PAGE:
Former Interior Secretary James G. Watt was indicted Wednesday on federal charges of perjury, obstruction of justice and hiding subpoenaed documents dealing with his alleged role in the Housing and Urban Development scandal of the Ronald Reagan Administration.
The 25-count indictment accuses Watt of lying to a federal grand jury and Congress about lobbying former Housing Secretary Samuel R. Pierce Jr. and other officials of the department on behalf of private developers after resigning his post in 1983.
In announcing the indictment by a federal grand jury here, independent counsel Arlin M. Adams said that the investigation of Watt already is enabling the federal government to recover nearly $10 million in low-income housing funds for a Virgin Islands project that the indictment alleged was funded at Watt's request but never used to create low-income housing.
"The indictment makes plain that the public trust was betrayed twice," said Adams, a former federal judge: "First, by the award of scarce HUD housing funds during the 1980s according to the dictates of favored insiders, rather than the needs of the poor; and second, by a cover-up of those facts that has now extended for over four years."
Watt, who had declined to discuss the investigation in recent weeks, denied in a written statement distributed by his attorney, William Bradford Reynolds, that he had lied to the grand jury or Congress or obstructed justice.
Contending that Adams and his lawyers "have exercised unchecked and unlimited powers during their five-year investigation," Watt said that the prosecutors repeatedly "asked me to lie by pleading guilty to things I never did. As much as I wanted to avoid this humiliating and costly experience, I would not lie."
"With truth as my weapon, I will stand and fight," Watt vowed. "I am trusting God that justice can arise and will prevail."
Watt, who now lives in Jackson, Wyo., theoretically could be sentenced to a maximum of 125 years in prison if convicted on all 25 counts and fined $250,000 for each offense. But under the U.S sentencing guidelines, maximum punishment would be well below that.
He resigned after controversy over his statement characterizing members of an advisory panel as "a black . . . a woman, two Jews and a cripple."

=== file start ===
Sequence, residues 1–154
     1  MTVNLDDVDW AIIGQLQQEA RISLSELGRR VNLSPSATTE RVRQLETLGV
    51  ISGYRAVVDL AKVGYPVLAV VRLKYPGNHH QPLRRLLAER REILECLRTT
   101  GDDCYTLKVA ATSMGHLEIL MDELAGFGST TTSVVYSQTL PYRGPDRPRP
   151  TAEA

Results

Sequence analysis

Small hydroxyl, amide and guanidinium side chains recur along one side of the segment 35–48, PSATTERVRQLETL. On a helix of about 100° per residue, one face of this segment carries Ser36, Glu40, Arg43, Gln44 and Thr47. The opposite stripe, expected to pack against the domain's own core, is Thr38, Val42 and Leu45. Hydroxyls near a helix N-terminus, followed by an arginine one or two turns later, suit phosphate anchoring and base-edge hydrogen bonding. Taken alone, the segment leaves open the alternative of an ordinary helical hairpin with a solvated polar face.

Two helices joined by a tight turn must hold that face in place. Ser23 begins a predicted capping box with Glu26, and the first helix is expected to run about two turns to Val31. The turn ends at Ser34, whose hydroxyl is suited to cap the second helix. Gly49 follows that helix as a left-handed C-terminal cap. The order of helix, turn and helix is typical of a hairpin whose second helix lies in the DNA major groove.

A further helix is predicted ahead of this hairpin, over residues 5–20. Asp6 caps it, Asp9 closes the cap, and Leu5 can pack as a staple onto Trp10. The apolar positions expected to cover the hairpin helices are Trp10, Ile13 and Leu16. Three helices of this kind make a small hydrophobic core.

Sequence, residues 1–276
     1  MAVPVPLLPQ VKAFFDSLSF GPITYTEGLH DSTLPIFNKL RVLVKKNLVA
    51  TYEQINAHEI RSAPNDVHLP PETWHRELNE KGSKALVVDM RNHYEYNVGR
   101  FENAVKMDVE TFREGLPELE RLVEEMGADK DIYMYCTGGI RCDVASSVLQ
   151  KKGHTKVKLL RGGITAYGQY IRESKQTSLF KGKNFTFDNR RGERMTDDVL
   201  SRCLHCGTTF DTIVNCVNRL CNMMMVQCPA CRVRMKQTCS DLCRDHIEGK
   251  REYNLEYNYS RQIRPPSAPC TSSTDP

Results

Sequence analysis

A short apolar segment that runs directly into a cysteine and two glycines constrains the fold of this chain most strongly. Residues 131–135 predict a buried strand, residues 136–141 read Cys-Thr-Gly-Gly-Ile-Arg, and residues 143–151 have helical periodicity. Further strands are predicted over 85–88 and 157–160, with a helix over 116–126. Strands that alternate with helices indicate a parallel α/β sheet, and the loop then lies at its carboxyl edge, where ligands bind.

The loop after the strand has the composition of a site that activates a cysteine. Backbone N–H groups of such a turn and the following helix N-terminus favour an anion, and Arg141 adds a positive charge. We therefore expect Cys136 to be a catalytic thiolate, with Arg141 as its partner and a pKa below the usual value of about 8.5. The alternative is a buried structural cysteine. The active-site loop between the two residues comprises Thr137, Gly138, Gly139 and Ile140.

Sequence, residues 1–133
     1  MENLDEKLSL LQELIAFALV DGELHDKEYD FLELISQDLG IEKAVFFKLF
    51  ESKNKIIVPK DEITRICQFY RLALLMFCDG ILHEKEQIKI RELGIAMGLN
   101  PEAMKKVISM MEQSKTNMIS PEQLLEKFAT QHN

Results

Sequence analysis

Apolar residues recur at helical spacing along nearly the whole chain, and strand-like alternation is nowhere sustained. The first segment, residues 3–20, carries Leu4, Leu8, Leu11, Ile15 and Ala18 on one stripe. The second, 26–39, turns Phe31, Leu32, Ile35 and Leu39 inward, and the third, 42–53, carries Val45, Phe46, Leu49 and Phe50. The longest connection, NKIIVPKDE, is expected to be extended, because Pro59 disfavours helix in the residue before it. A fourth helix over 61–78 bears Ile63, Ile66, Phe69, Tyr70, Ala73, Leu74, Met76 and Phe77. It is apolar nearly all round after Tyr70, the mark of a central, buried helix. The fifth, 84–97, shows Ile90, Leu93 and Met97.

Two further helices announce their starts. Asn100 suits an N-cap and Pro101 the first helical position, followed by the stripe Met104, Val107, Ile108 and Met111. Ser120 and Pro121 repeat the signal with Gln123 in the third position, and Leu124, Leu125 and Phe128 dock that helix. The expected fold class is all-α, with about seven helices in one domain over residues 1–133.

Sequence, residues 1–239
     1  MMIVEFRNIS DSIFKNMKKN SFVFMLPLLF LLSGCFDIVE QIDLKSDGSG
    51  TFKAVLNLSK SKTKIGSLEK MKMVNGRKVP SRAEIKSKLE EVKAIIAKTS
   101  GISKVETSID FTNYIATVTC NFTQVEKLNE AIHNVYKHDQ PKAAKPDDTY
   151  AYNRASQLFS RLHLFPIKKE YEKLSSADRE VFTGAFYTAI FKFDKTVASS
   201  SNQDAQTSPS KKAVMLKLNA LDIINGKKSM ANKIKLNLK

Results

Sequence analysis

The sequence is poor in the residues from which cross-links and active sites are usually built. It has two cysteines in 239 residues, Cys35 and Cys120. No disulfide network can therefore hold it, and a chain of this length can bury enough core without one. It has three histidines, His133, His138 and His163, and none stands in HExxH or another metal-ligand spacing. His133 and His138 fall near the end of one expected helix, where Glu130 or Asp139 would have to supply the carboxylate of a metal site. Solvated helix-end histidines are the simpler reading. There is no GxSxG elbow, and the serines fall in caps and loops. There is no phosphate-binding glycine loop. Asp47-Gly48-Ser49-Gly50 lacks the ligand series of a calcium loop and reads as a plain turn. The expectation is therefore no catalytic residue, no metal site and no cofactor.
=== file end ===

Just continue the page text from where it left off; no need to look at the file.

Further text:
The grand jury noted that after leaving the Interior Department, "and despite his lack of any prior HUD experience," Watt "was paid more than $500,000, and was promised additional sums, for successfully approaching HUD Secretary Pierce and other high-ranking HUD officials during 1984 to 1986 to obtain HUD funding and benefits for private landlords and developers."
The 59-page indictment cited Watt's testimony before a House subcommittee and before the grand jury as the basis for the perjury, false statement and concealment charges.
One perjury count, for example, cited Watt's testimony that he received $20,000 for assisting with the funding on a New Jersey housing project and $100,000 on a Puerto Rico project. "That's what they offered, and it sounded like a lot of money to me, and we settled on it," Watt told the subcommittee.
But Watt knew those statements were false, the indictment charged, because Joseph Strauss, a former special assistant to Pierce at HUD who headed a firm that sought funding for developers and landlords, had promised to pay Watt $200,000 if the Puerto Rico project was funded. Moreover, Watt, shortly before testifying, had submitted a $200,000 bill of which $100,000 remained to be paid, the grand jury said.
Last April, Strauss pleaded guilty to conspiracy and to covering up that a developer paid him $50,000 to help arrange financing for a low-income housing project and pledged to cooperate with Adams' investigation.
On the allegations that Watt perjured himself before the grand jury, the indictment cited his testimony that he had no records of his phone conversations with Strauss about his congressional appearance. "I never keep notes of those things," Watt told the grand jurors.
Watt volunteered that he worked on a computer but routinely reused the disks and thus kept no record. Asked if he had a memorandum of a conversation with Pierce on a housing project, Watt responded: "I intentionally don't make such memoranda so that lawyers like you won't be able to get them."
Actually, the indictment charged, Watt had failed to hand over to the grand jury telephone logs and other records of his conversations with Strauss and computer disks that he had which included "materially different versions" of his statement to Congress.
Robert Warren, an attorney on Adams' staff, declined to explain how the government had obtained the disks and records, saying that he could not go beyond the indictment but that such proof would be presented at trial.